Separation of protection and security

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In computer sciences, the separation of protection and security is an application of the separation of mechanism and policy principle.[1] The protection mechanism is supposed to be a component that implements the security policy. However, many frameworks consider both as security controls of varying types. For example, protection mechanisms would be considered technical controls, while a policy would be considered an administrative control.


The adoption of this distinction in a computer architecture probably means that protection is provided as a fault tolerance mechanism by hardware/firmware and kernel, whereas the operating system and applications implement their security policies. In this design, security policies rely therefore on the protection mechanisms and on additional cryptography techniques.

Examples of models with protection and security separation include access matrix, UCLA Data Secure Unix, take-grant and filter. Such separation is not found in models like high-water mark, Bell–LaPadula (original and revisited), information flow, strong dependency and constraints.[2]


However, the line between 'separation of mechanism and policy' and 'separation of protection and security' isn't clear. The terms 'protection' and 'security' aren't widely considered distinct. For example, 'computer security' is commonly defined as 'the protection of computer systems'. Indeed, the major hardware approach[3] of hierarchical protection domains considers its use to be both for security and protection. A prominent example of this approach is the ring architecture with "supervisor mode" and "user mode".[4] Such an approach adopts a policy already at the lower levels (hardware/firmware/kernel), restricting the rest of the system to rely on it. Therefore, the choice to distinguish between protection and security in the overall architecture design implies rejection of the hierarchical approach in favour of another one, the capability-based addressing.[1][5]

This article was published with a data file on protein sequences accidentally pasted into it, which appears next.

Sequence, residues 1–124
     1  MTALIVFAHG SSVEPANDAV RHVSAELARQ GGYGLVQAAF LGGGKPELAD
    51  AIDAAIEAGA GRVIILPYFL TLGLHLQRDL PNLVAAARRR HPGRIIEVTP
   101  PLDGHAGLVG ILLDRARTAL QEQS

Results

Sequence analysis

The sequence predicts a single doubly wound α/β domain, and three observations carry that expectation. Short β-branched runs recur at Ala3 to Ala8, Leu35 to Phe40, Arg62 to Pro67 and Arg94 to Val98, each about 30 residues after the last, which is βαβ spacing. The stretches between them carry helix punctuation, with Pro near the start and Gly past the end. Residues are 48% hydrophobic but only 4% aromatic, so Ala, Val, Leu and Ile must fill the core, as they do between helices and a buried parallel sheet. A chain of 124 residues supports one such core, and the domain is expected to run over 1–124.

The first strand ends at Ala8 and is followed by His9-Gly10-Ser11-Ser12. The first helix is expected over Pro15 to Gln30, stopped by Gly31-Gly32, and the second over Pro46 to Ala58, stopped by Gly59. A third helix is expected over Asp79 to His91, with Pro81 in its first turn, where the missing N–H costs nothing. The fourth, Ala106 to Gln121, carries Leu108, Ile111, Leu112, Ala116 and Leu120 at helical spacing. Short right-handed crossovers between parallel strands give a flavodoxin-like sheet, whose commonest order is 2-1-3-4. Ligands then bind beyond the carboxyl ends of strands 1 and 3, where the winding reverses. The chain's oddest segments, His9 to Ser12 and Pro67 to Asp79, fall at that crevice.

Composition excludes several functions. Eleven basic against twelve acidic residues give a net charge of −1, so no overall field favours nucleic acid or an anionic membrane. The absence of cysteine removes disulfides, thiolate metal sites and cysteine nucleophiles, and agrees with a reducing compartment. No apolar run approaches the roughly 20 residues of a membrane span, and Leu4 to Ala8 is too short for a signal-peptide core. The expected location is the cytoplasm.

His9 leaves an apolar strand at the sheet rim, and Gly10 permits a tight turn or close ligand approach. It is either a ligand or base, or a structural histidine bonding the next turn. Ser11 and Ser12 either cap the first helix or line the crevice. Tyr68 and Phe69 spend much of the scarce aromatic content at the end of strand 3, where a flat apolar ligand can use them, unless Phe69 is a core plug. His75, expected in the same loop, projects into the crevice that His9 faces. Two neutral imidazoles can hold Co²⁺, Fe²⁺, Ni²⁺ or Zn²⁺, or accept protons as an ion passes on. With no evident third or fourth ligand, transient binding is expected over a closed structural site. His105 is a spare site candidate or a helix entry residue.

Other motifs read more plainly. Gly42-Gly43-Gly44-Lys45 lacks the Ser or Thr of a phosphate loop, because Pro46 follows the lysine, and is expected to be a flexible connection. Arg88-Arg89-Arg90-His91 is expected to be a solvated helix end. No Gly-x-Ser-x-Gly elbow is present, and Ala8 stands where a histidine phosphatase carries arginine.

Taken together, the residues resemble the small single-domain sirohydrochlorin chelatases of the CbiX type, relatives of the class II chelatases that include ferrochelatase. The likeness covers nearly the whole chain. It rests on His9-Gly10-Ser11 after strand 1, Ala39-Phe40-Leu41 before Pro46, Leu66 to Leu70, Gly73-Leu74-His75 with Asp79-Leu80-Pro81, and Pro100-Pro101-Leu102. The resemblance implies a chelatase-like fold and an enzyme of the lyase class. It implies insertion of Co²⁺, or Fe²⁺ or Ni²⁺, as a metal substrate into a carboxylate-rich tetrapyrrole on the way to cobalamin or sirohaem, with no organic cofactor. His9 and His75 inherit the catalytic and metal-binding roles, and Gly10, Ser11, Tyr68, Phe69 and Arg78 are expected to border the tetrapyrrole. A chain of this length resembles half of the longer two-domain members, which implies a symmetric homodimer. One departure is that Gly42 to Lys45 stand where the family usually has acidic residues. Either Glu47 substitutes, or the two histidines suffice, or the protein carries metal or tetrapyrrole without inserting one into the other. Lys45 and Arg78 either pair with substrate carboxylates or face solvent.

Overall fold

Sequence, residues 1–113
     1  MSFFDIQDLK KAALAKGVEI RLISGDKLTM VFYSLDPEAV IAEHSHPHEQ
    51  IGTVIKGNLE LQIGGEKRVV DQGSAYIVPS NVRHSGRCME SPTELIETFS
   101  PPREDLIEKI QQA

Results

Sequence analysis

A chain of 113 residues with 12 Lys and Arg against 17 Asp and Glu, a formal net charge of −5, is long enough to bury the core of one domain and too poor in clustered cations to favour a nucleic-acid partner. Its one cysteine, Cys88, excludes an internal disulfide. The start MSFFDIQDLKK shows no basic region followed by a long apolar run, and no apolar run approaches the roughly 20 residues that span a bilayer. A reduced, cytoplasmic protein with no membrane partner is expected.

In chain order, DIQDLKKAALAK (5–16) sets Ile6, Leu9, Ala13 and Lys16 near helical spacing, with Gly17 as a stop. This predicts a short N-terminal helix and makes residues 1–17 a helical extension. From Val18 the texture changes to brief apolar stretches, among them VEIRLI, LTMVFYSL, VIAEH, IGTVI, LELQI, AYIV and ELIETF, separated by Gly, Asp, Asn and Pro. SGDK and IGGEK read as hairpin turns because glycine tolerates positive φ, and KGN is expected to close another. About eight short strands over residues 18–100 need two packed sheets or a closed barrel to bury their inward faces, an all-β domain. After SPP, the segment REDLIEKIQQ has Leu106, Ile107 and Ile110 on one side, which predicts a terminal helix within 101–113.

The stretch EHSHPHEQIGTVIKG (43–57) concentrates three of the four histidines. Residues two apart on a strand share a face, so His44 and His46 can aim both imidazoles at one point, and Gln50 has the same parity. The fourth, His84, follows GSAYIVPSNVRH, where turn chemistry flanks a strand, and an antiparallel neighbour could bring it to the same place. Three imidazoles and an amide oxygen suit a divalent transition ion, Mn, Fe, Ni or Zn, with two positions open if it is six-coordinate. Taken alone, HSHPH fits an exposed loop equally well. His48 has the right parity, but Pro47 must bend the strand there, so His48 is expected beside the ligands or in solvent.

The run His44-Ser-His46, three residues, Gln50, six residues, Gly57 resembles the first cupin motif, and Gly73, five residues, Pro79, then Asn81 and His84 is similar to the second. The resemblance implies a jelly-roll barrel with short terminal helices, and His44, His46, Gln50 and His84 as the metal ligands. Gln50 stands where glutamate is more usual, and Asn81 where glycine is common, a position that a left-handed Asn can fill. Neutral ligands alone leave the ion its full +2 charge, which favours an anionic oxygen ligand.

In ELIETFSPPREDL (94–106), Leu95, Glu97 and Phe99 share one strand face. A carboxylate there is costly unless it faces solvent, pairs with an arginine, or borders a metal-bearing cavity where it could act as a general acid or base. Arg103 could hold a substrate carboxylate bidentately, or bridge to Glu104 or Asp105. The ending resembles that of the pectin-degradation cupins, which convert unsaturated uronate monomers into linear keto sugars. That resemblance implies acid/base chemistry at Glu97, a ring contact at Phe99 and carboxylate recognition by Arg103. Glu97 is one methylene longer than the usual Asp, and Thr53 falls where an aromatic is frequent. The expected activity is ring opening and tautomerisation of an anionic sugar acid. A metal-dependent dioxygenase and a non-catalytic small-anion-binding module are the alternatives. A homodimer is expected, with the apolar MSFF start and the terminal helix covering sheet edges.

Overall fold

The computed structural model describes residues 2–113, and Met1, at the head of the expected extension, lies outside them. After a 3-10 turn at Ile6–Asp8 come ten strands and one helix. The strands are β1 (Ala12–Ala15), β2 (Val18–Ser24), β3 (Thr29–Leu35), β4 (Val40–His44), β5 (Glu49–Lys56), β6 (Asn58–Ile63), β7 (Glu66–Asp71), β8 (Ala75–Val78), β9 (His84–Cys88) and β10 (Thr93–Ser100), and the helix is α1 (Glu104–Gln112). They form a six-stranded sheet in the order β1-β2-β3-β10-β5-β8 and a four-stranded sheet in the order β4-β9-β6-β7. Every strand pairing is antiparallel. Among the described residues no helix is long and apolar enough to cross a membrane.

See also[edit]


  1. ^ a b Wulf 74 pp.337-345
  2. ^ Landwehr 81, pp. 254, 257; there's a table showing which models for computer security separates protection mechanism and security policy on p. 273
  3. ^ Swift 2005 p.26
  4. ^ Intel Corporation 2002
  5. ^ Houdek et al. 1981


  • Houdek, M. E., Soltis, F. G., and Hoffman, R. L. 1981. IBM System/38 support for capability-based addressing. In Proceedings of the 8th ACM International Symposium on Computer Architecture. ACM/IEEE, pp. 341–348.
  • Intel Corporation (2002) The IA-32 Architecture Software Developer’s Manual, Volume 1: Basic Architecture
  • Carl E. Landwehr Formal Models for Computer Security [1] Volume 13, Issue 3 (September 1981) pp. 247 – 278
  • Swift, Michael M; Brian N. Bershad, Henry M. Levy, Improving the reliability of commodity operating systems, [2] ACM Transactions on Computer Systems (TOCS), v.23 n.1, p. 77-110, February 2005
  • Wulf, W.; E. Cohen; W. Corwin; A. Jones; R. Levin; C. Pierson; F. Pollack (June 1974). "HYDRA: the kernel of a multiprocessor operating system". Communications of the ACM. 17 (6): 337–345. doi:10.1145/355616.364017. ISSN 0001-0782. S2CID 8011765. [3]